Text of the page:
Published by The Lawfare Institute
in Cooperation With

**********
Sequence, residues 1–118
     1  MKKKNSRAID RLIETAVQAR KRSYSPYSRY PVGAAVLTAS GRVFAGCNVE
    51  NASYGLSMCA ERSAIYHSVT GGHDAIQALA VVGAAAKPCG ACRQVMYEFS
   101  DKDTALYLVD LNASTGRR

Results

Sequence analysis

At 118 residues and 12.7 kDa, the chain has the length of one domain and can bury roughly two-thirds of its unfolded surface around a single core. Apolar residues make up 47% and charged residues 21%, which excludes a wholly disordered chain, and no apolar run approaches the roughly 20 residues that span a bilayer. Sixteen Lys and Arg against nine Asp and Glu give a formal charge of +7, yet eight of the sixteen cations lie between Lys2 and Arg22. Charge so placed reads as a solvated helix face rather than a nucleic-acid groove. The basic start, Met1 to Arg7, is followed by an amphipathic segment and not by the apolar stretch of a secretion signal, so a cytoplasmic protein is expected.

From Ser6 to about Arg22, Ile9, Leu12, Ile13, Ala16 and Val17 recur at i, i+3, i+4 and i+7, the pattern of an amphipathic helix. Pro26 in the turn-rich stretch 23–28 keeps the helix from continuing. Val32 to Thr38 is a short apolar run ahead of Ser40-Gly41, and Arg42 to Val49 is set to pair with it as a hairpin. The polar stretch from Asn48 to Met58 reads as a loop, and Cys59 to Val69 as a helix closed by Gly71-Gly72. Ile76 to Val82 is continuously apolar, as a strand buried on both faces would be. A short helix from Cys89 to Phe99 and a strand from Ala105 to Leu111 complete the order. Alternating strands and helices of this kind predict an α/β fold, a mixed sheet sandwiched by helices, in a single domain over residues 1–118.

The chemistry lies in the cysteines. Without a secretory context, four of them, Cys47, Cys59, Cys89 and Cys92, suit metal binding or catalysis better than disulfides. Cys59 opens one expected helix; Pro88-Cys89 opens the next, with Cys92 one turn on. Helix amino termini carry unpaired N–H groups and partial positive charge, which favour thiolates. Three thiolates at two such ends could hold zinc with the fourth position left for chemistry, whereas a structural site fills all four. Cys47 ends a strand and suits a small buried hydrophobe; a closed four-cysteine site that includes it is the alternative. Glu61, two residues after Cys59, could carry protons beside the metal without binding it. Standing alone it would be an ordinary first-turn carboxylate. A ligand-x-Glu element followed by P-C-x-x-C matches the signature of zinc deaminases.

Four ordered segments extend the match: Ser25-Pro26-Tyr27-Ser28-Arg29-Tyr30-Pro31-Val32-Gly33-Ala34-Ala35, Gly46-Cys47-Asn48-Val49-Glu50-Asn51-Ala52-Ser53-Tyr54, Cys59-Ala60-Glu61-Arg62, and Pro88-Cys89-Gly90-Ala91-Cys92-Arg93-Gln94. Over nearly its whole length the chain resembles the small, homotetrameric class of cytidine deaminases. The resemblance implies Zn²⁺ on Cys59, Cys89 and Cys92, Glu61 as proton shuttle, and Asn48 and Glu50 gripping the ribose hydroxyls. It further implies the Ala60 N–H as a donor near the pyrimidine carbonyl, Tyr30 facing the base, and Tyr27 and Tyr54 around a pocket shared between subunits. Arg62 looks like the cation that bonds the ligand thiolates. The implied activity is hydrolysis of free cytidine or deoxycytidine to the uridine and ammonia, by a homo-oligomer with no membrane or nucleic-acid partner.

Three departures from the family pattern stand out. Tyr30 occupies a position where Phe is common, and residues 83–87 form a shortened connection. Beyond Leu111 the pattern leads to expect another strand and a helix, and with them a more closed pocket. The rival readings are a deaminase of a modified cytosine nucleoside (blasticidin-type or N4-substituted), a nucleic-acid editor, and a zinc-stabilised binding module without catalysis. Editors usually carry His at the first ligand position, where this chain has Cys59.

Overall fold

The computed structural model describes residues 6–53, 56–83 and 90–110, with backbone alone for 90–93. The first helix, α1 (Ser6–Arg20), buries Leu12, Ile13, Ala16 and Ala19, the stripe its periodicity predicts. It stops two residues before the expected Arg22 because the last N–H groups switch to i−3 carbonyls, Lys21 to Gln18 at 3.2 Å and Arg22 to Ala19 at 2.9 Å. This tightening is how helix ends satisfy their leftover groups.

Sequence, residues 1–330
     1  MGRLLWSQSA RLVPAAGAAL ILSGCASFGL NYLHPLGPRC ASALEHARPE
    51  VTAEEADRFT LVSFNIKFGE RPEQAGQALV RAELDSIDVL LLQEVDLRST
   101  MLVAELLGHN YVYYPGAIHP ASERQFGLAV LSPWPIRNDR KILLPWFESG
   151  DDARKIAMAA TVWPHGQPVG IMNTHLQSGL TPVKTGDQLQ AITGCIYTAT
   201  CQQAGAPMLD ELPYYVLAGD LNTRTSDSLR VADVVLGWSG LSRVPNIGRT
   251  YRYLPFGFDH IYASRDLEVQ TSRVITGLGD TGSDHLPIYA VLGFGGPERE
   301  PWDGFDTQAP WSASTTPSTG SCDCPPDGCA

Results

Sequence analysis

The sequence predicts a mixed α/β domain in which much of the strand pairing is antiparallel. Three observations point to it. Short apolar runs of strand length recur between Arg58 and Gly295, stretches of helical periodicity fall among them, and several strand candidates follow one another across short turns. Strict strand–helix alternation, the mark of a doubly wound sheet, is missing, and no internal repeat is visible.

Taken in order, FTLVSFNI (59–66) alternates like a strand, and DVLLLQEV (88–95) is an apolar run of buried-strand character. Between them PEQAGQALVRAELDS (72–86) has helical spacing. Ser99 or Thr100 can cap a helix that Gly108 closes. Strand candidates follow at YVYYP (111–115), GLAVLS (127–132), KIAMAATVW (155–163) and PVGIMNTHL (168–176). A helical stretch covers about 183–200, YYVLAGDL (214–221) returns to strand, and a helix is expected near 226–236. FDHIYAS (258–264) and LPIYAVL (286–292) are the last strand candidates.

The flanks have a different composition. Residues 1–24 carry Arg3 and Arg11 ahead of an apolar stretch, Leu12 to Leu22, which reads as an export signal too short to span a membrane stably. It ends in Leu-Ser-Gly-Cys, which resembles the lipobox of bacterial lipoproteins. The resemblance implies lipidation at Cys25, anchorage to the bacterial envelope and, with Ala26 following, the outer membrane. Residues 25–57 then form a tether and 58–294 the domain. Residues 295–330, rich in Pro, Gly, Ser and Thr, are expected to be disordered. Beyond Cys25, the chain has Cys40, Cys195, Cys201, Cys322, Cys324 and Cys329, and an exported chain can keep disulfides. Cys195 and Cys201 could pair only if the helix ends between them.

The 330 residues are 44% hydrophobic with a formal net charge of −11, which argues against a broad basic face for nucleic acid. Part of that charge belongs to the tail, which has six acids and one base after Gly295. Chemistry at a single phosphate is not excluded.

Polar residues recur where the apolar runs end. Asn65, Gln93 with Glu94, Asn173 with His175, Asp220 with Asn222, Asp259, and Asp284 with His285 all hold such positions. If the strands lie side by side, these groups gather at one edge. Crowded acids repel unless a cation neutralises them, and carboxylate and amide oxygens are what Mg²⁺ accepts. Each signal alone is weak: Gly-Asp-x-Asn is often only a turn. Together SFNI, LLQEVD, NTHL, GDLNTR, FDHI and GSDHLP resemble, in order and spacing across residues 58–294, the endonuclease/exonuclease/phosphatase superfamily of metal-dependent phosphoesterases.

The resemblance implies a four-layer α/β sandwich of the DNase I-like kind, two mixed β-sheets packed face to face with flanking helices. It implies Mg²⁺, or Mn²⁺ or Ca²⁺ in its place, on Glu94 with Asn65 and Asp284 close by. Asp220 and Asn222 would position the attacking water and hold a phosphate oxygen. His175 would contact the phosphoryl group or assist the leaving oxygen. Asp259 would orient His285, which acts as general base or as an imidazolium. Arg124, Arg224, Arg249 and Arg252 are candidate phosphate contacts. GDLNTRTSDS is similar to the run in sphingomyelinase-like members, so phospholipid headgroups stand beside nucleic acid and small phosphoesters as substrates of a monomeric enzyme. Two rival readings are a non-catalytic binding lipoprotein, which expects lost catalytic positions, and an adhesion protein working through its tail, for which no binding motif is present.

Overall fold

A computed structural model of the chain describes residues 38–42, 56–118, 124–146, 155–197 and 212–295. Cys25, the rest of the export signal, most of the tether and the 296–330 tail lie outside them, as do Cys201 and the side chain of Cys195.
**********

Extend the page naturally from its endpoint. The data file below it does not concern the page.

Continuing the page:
"the nature, scope, and degree of risk, including risk of harm to national security, law enforcement, or other Federal missions and risk of endangerment, including to personal safety and security, financial security (such as through identity theft), and privacy, of officers and employees and their family members, that may be posed by website and other publication of financial disclosure forms and associated personal information."The Senate had passed the bill last Saturday before leaving town. After initially balking, the House passed the bill in pro forma session earlier today, and President Obama signed it immediately. Although congressional staff of most committees fully understood the danger of posting detailed financial information about senior exceutive branch officials on the Internet, apparently Members of Congress were fearful of delaying implementation beyond December, or simply eliminating the requirement (which would have been the wise thing to do), lest they be criticized prior to the elections. Kudos in particular to the staffs of Senators Lieberman and Collins of the Senate Homeland Security and Government Affairs Committee for shepherding the bill through the Senate, and to Congressman Chris Van Hollen for bird-dogging this in the House. When Congress reconvenes during the lame duck session, one hopes that they will delay implementation further until they receive the results of the NAPA study, and ultimately eliminate this misguided provision altogether. Unlike many other issues debated on this blog, eliminating Section 11 should NOT be a hard national security choice.